November 18, 2014

A Woman of Valour lovely mom.
This beautiful eulogy for Denny Nathan was written by a close friend of forty years, Reva Stern. Reva read this at the levaya on November 13, 2014.

I humbly stand before you at the bequest of our beloved Denny. It’s hard to imagine anyone having the presence of mind, or the strength of character to consider their own eulogy, but then Denny wasn’t just anyone.

The friends and colleagues who formed the continuous and beautiful line of affection and love that surrounded her during her time in palliative care prompted Denny to whisper to me, “Imagine if I had passed away from a sudden heart attack... I would never have had the time to discover that so many people cared about me.” There it was... the familiar, sincere and irresistible humility that was always present. In a moment of vulnerability, Leonard, the stalwart Brit, left the room in tears. Denny seemed bewildered and exclaimed: “I know he loves me, but I never imagined he could love me that much. I am so blessed.”

Denny knew her time was limited and she wanted to use every minute of it in the company of family and friends. When she was too weak to talk, she would listen contentedly with eyes closed. The worst mistake we could make was to presume she was sleeping. Whenever she heard such a suggestion, she was quick to open her eyes and join in the exact context of the conversation.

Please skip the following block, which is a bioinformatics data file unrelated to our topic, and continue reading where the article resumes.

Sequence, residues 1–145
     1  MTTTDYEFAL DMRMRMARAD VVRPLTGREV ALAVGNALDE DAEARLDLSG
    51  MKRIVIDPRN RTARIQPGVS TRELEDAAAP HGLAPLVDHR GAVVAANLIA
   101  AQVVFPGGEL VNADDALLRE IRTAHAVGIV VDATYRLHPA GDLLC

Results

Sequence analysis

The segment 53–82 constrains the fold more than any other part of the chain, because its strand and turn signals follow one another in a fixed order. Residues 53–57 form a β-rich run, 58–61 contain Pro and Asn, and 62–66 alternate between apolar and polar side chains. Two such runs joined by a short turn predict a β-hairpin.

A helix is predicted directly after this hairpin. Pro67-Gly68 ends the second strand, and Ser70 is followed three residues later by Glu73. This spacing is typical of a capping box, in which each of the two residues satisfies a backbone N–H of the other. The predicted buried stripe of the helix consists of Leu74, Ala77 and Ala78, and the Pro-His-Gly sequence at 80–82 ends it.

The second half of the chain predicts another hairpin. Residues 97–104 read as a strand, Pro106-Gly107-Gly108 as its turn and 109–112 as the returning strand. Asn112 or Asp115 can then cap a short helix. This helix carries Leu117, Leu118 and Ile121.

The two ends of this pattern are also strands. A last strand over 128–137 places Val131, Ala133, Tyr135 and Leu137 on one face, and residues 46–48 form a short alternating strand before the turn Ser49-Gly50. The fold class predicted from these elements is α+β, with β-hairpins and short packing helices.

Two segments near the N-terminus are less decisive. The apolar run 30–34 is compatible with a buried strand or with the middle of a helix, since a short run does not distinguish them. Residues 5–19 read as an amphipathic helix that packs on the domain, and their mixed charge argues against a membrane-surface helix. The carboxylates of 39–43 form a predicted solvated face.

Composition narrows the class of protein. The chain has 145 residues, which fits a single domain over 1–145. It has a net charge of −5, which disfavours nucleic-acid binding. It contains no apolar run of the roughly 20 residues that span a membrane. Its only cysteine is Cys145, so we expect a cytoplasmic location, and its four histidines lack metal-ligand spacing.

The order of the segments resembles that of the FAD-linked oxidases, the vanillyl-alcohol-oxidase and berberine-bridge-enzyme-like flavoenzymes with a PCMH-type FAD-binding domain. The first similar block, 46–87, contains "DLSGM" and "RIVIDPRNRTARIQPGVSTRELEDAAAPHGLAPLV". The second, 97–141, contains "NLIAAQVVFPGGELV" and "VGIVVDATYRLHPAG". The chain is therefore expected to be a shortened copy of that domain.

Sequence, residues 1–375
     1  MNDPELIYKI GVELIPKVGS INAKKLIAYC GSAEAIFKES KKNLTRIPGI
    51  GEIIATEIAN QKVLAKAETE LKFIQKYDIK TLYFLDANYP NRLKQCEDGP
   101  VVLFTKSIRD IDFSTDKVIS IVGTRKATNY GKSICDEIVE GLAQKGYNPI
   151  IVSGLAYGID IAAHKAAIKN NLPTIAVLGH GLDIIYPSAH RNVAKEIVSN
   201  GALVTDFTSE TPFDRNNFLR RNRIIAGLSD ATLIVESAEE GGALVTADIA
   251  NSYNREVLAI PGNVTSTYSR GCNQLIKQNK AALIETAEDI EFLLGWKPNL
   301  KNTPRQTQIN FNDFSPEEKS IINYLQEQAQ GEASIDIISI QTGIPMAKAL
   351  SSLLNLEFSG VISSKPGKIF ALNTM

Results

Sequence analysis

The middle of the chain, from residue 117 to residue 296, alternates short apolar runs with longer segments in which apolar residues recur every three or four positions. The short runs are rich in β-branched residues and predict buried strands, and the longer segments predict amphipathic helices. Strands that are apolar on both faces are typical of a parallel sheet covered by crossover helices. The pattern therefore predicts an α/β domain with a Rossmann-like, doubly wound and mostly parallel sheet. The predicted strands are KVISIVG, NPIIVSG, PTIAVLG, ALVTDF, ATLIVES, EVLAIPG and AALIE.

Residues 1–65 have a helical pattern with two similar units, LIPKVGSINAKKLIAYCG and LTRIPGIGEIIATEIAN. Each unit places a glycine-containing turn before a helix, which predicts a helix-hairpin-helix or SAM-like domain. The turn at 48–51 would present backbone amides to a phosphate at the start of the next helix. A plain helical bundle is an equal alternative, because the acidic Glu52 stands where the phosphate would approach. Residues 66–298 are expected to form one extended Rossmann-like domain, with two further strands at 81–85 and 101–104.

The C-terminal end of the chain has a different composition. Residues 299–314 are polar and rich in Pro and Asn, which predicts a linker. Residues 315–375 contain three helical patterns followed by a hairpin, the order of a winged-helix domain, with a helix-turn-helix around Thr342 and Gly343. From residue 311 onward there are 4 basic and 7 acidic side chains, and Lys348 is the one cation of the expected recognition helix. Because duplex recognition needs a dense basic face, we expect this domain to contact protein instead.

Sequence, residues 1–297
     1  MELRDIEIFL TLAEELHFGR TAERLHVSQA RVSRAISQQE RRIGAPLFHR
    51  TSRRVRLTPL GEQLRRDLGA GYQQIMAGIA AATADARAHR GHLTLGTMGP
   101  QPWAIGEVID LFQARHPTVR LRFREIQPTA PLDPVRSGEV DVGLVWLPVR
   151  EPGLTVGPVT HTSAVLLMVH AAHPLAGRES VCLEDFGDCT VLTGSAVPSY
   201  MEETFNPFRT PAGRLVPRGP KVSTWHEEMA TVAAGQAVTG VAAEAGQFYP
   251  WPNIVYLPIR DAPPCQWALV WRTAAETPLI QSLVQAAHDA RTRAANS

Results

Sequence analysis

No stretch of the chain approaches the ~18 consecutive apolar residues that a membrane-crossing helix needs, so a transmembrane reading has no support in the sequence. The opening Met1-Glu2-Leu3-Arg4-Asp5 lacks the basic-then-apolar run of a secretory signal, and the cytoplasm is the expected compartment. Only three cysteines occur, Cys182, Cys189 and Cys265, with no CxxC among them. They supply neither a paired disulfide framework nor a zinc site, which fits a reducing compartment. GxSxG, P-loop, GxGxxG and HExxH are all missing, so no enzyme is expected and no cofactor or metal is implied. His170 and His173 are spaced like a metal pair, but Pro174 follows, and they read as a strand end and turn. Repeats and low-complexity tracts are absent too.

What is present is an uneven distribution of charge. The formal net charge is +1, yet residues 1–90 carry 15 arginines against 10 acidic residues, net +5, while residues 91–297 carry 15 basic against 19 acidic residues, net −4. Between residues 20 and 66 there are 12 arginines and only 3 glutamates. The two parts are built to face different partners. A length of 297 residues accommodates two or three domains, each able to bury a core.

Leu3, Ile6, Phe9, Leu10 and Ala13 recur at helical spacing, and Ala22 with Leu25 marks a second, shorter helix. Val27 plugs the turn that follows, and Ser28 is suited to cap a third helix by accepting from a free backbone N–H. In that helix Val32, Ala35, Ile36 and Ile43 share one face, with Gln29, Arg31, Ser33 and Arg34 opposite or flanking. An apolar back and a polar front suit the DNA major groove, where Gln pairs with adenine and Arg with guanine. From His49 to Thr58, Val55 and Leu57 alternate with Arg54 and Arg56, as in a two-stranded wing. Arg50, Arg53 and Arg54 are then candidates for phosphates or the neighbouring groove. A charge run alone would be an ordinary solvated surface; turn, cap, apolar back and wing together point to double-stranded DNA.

One day, Leonard was working on a crossword puzzle by her bedside and was stuck on an answer. He muttered the query out loud and from behind closed eyes we heard the word “Askew.” It was the very answer Leonard had been seeking. We applauded and Denny offered him an enigmatic smile.

There is a celebrated verse from the Hebrew Bible that asks “A Woman of Valour, who can find?” She was Denny. She embodied qualities we would all aspire to encapsulate.

Denny was incorruptible, fiercely loyal, quietly courageous, passionate about life and dedicated to her family and friends... and that is the essence of valour. But beyond the attributes of honesty, fidelity and morality there was an entire goldmine of characteristics that not everyone was privy to.

Most will know that Denny was brilliant on stage, a devoted advocate for Israel, skilful at crafts, adept in the kitchen and an expert in proper usage of the English language. Some of you might know that she was a gifted artist. Her colourful paintings expressed her imaginative and delicate view of the world. But I’ll bet that most of you won’t know that Denny had a lovely singing voice. I knew about the singing, but much to my chagrin, I could never get her to use that lovely Julie Andrews voice on stage because I was sworn to keep her secret.

After a forty year friendship, the news of her childhood wish to have become a fashion designer was something I learned only recently from Leonard. I thought after decades of 4 hour lunches and heart to heart confessionals, I knew all there was to know... but of course, there was always more.